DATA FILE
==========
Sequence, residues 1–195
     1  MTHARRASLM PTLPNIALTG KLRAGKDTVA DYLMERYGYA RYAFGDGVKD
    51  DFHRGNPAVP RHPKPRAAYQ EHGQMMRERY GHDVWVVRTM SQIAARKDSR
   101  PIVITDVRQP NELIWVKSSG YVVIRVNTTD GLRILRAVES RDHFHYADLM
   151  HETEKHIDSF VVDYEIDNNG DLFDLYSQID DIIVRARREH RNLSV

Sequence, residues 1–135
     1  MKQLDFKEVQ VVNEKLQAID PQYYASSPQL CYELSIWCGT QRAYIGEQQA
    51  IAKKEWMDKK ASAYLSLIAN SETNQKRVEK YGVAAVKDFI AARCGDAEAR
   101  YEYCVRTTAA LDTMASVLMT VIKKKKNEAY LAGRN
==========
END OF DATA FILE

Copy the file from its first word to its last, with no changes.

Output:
Sequence, residues 1–195
     1  MTHARRASLM PTLPNIALTG KLRAGKDTVA DYLMERYGYA RYAFGDGVKD
    51  DFHRGNPAVP RHPKPRAAYQ EHGQMMRERY GHDVWVVRTM SQIAARKDSR
   101  PIVITDVRQP NELIWVKSSG YVVIRVNTTD GLRILRAVES RDHFHYADLM
   151  HETEKHIDSF VVDYEIDNNG DLFDLYSQID DIIVRARREH RNLSV

Sequence, residues 1–135
     1  MKQLDFKEVQ VVNEKLQAID PQYYASSPQL CYELSIWCGT QRAYIGEQQA
    51  IAKKEWMDKK ASAYLSLIAN SETNQKRVEK YGVAAVKDFI AARCGDAEAR
   101  YEYCVRTTAA LDTMASVLMT VIKKKKNEAY LAGRN